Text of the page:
Savage A17: A Solid Semi-Auto Shooter

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posted on December 19, 2020
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It is a tired, old cliché, but an accurate one nonetheless: Sometimes you need to think outside the box. That was exactly what was necessary in order to sate the widespread desire for a semi-automatic rifle in .17 HMR. For more than a century, the standard blowback semi-automatic action harnessed rimfire cartridges nicely. Blowback semi-autos utilize bolt mass and spring tension to keep the bolt closed long enough for the bullet to leave the barrel and allow pressures to drop off to a safe level.

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But then the .17 HMR came along, and it introduced a third factor in the equation: bullet mass. The characteristic that allows the .17 HMR to achieve those superb velocities—a lighter bullet—also produces less thrust on the bolt to usher it rearward and cycle the action. Lightening the spring tension or the bolt mass proved ineffective. Oh, you could get enough bolt velocity to cycle the action, but often the action would open while the pressure was too high, endangering the shooter. A couple of companies attempted to market such a semi-auto .17 HMR but had to quickly recall the rifles and shelve the project because of this very problem.

Along came Savage Arms, and its solution to the bolt-opening problem is remarkably simple: Delay the opening of the bolt until the bullet has left the barrel and pressures have decayed to a safe level. Savage did this by employing a locking lug at the top of the bolt that remains engaged while the trigger is pulled, yet disengages the instant the back pressure drops off.

The A17 rifle has been out for years now, and the feedback has been almost universally positive. Savage’s reputation for fine accuracy remains unsullied. Though it took some time for me to find a day when the legendary Wyoming winds were not ruling the prairie this summer, once I did get some calm air, the rifle consistently grouped at less than an inch at 100 yards. The 22” free-floated barrel with a 1:9" RH twist laid everything from 16-gr. CCI lead-free hollow points to Hornady 20-gr. XTPs into tiny groups, often within a single hole.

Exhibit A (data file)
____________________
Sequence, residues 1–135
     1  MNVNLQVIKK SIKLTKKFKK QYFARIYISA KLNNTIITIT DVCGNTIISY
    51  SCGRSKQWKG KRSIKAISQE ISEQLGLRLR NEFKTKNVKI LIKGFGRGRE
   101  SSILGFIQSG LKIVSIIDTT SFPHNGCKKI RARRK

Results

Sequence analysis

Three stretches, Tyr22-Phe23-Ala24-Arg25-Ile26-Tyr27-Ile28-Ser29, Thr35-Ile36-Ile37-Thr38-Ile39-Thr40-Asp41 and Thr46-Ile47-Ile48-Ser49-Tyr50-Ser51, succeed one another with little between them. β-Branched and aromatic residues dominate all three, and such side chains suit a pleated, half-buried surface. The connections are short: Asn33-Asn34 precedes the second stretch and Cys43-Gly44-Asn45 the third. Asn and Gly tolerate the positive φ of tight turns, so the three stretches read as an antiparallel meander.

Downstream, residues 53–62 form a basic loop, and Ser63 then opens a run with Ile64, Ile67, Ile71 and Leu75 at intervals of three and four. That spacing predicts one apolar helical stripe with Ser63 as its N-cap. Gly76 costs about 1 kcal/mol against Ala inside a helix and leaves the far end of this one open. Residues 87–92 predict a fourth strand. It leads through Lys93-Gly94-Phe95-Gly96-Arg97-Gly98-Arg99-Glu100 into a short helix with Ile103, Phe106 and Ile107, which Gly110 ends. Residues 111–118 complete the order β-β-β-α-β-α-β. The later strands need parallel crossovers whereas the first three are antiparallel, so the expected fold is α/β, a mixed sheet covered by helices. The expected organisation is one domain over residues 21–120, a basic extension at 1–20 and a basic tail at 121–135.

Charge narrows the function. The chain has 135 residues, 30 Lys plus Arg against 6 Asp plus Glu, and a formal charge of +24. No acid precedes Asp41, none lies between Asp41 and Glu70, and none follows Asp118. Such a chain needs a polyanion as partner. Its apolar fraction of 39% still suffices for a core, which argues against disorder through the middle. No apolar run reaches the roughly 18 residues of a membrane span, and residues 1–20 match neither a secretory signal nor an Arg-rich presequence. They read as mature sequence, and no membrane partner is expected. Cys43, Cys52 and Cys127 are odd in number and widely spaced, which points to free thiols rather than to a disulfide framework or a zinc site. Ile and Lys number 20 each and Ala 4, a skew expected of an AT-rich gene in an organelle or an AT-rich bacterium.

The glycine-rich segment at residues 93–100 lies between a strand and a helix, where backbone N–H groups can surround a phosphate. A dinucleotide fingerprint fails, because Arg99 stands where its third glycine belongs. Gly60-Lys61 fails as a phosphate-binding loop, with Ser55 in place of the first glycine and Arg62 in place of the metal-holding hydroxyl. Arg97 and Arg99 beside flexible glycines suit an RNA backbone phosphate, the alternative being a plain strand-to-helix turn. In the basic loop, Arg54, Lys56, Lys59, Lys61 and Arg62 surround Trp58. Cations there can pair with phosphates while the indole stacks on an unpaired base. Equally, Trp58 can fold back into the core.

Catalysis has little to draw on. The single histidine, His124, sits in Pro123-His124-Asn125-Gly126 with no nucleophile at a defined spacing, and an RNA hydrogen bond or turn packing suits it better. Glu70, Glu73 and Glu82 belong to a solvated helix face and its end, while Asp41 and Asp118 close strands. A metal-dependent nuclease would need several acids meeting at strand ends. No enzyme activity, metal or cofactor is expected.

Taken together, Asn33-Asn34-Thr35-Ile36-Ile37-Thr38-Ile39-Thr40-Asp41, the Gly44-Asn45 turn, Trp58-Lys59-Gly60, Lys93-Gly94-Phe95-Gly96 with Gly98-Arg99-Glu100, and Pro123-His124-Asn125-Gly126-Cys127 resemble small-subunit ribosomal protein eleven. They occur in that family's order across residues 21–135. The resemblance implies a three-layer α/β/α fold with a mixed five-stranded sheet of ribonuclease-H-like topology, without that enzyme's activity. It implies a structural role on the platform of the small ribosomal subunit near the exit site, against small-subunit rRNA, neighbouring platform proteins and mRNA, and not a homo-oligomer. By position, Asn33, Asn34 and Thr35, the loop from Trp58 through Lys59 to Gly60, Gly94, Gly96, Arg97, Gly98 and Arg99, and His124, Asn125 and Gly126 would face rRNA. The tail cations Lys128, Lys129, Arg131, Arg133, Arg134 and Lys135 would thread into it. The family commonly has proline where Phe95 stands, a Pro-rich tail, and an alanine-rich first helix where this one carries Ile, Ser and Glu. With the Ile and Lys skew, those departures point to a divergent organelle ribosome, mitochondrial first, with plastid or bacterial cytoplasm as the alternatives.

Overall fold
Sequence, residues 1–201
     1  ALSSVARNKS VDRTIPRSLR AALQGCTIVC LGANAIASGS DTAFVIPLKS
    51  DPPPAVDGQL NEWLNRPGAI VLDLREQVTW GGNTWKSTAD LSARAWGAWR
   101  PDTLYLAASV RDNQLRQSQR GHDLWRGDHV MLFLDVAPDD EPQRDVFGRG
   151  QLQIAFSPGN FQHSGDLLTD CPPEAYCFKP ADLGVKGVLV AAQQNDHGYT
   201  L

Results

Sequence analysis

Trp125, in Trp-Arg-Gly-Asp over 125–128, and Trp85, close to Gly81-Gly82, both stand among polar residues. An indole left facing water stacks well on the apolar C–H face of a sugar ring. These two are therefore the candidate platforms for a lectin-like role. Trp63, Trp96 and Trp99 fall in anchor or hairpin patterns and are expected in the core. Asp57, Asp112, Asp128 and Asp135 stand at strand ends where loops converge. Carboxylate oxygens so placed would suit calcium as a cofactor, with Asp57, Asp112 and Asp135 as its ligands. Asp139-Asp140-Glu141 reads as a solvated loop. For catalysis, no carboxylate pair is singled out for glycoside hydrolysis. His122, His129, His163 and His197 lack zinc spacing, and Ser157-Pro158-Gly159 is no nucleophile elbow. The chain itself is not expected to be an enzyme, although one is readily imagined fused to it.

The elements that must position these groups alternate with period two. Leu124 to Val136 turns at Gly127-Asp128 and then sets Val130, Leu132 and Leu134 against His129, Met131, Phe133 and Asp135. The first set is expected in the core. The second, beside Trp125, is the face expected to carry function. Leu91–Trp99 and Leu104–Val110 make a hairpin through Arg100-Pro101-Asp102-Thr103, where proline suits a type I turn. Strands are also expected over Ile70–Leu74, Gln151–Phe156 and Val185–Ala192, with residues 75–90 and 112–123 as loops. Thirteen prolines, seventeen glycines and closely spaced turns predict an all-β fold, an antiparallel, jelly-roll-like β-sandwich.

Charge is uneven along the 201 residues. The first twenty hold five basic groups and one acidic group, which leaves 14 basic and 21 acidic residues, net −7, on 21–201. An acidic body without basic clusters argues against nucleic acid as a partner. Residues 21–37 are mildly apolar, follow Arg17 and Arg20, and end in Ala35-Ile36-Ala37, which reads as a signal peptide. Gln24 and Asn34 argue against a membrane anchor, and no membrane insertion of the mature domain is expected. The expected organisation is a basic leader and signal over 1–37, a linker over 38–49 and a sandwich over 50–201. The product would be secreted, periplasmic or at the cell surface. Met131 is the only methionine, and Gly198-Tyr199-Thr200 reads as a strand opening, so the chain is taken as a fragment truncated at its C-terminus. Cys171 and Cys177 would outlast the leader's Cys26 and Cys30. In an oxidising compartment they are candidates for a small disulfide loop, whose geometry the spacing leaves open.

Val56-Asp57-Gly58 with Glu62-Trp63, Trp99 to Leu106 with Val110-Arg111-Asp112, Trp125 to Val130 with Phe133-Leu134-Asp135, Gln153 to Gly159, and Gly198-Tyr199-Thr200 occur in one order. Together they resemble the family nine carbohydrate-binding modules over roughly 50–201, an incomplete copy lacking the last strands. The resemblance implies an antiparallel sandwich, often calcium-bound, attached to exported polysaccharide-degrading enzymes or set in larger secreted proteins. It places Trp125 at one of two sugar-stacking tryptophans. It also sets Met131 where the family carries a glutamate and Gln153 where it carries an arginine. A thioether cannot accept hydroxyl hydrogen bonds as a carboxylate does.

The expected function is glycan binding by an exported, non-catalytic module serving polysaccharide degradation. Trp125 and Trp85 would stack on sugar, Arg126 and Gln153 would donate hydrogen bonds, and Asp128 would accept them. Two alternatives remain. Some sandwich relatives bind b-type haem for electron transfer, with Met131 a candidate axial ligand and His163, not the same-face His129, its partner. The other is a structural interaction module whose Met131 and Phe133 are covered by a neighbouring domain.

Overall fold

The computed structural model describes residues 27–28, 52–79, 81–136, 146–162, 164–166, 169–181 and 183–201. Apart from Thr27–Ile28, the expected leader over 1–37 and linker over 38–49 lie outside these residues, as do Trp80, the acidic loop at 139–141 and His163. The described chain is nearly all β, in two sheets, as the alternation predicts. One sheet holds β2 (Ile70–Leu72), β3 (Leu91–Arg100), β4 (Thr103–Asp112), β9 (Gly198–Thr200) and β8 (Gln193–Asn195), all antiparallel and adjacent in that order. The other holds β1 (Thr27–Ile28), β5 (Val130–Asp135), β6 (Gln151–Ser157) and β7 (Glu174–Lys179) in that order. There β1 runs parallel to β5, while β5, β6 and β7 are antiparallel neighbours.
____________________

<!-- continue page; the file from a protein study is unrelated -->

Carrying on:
At just less than 5.5lbs., sans the scope, the A17 is a great walking varminter. If there is a problem, it’s that such a light rifle is difficult to take advantage of that superb accuracy in the field. I’d like to see a heavy-barrel version sometime for those of us who like to set up on a prairie dog town and don’t have to carry the rifle over hill and dale.

Like virtually all Savage rifles, the A17 is equipped with the AccuTrigger, that somewhat unconventional looking fire-control switch that set gunmakers on their ears some 13 years ago when corporate lawyers deemed triggers must support the weight of the gun. My sample rifle’s trigger broke at 2 lbs., 13 oz. and was as good as any factory trigger I have used.

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Included with this test rifle was a Bushnell 3.5-10x 36 mm A17 Riflescope, a scope designed specifically for this rifle. Although not offered as a package, this scope mated perfectly with the A17 rifle and functioned flawlessly. It features an adjustable objective that focuses down to as close as 10 yards, allowing the shooter the capability for precision accuracy on tiny targets at any range. Its Multi-X reticle is equipped with a custom ballistic-drop-compensating turret that is calibrated specifically for CCI A17 .17 HMR ammunition. The Bushnell 3.5-10x 36 mm A17 Riflescope has an MSRP of $149.

I took the Savage A17 to the range to see how it would do. It was a humid, 77-degree day, and I had a couple different .17 HMR loads from CCI and Hornady. In keeping with American Rifleman's testing protocol, I tested the A17 at 100 yards with five 5-shot groups.

With CCI's 16-gr. Green load, the velocity averaged 2,550 fps. My smallest group size was .50", and the average group size was 0.62". Hornady's 20-gr. XTP load averaged 2,348 fps, with a smallest five-shot grouping of 0.425" and an average accuracy of .68". Overall, a pretty tight shooter.

There is a lot to like about this A17 rifle and very little to dislike. I was very impressed with its accuracy, given its very light weight. The AccuTrigger negates my otherwise constant argument of a less-than-stellar trigger pull. I confess that synthetic stocks are not always my cup of tea, but there is no doubt that this one is effective and sturdy. I was able to sting a very few prairie dogs with it and, of course, the .17 HMR worked like a charm on the pesky rodents. Savage should be congratulated on producing a reliable and safe semi-auto .17 HMR, and, as usual, offering a whole lot of gun for the money.

Specifications:
Model: Savage A17
Manufacturer: savagearms.com
Type: Delayed blowback, semi-automatic rifle
Caliber: .17 HMR
Barrel Length: 22”
Overall Length: 42”
Magazine/Capacity: Detachable box/10-round capacity
Trigger: Savage AccuTrigger; 2 lbs., 13 oz.
Rifling: 1:9", RH, button rifled
Sights: None; comes with factory installed scope mounts
Safety: Crossbolt
Stock: Black synthetic Drop at comb/heel: 0.775”/0.70"
Weight: 5.41 lbs.
Metal Finish: High-luster black
Accessories: Two 10-round magazines; lock
MSRP: $479

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